Twelfth Night and The Merchant of Venice strain the usual definition of comedy, with its emphasis on the happy ending. Twelfth Night is a sunny, lively and often funny play, its delight dampened occasionally by Malvolio's baleful presence. The play is full of hilarious exploits and a happy ending which even Malvolio's nastiness cannot spoil. Conversely, The Merchant of Venice verges on tragedy. While it has an odd kind of happy ending, there is a central problem: how to cope with the nature and trials of Shylock. That Shylock is finally malevolent is clear, but it is also clear that the Christian world in which he must labor is a hostile, even malicious world in which, it may be argued, even Portia, beloved of almost all commentators, exercises an offensive meanness. We will complement our class discussions with a film of each play. Required texts: The Folger Shakespeare Library Twelfth Night, ed. by Barbara Mowat and Paul Werstine, ISBN-13: 978-0743484961; The Folger Shakespeare Library The Merchant of Venice, ed. by Barbara Mowat and Paul Werstine, ISBN-13: 978-0808508953.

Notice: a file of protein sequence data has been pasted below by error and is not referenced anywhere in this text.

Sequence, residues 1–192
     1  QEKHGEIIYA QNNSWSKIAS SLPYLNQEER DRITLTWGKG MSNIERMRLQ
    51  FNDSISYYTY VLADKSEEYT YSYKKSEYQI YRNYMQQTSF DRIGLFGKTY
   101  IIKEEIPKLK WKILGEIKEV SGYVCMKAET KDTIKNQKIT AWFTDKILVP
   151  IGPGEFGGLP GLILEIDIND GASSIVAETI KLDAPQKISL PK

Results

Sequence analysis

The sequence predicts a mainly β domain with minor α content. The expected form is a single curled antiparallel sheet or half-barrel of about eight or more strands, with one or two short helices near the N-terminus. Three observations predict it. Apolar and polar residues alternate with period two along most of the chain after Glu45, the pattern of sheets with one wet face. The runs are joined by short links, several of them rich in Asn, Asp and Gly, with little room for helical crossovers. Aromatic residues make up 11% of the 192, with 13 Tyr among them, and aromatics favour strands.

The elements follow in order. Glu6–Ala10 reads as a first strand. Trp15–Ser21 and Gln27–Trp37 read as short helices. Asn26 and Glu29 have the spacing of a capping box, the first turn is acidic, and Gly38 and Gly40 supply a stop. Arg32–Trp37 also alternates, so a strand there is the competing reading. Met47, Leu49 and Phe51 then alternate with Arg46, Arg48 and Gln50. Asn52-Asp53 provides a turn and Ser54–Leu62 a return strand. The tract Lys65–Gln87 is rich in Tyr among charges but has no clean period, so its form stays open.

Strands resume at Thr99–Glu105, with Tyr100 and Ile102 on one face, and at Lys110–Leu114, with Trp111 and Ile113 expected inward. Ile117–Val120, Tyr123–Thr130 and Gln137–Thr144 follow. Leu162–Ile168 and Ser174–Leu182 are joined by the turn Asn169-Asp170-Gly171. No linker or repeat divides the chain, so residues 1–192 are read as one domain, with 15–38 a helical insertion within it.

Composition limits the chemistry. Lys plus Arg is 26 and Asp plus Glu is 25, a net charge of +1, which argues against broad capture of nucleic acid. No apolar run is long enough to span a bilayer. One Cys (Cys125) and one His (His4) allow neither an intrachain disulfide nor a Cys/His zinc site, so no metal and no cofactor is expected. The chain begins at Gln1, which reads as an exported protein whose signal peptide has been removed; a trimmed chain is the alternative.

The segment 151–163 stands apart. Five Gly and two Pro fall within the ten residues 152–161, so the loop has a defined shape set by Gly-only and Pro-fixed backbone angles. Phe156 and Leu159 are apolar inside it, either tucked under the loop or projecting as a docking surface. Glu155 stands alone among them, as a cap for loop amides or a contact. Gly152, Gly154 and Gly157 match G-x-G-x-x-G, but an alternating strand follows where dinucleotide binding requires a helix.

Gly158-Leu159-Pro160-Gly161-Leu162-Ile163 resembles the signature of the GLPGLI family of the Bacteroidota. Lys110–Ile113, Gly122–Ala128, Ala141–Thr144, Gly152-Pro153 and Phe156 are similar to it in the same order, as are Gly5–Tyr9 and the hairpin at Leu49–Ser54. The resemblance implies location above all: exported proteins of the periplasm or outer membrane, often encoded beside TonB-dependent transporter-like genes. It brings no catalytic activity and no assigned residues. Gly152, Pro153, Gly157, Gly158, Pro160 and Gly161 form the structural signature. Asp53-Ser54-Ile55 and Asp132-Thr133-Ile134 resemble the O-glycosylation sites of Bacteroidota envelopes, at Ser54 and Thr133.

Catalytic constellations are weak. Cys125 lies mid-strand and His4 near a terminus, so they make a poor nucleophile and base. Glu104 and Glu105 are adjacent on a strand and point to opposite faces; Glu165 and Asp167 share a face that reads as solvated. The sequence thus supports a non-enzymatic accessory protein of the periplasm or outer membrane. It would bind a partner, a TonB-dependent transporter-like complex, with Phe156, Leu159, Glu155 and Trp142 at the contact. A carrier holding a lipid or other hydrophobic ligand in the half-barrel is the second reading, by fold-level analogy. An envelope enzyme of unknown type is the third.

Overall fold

Mario A. DiCesare (firstname.lastname@example.org) has been teaching at College for Seniors almost every term since 1998. He received his doctorate from Columbia University in 1960 and has more than 40 years of university teaching experience. His major interests are Shakespeare, 17th century poetry and modern literature—particularly James Joyce and William Faulkner.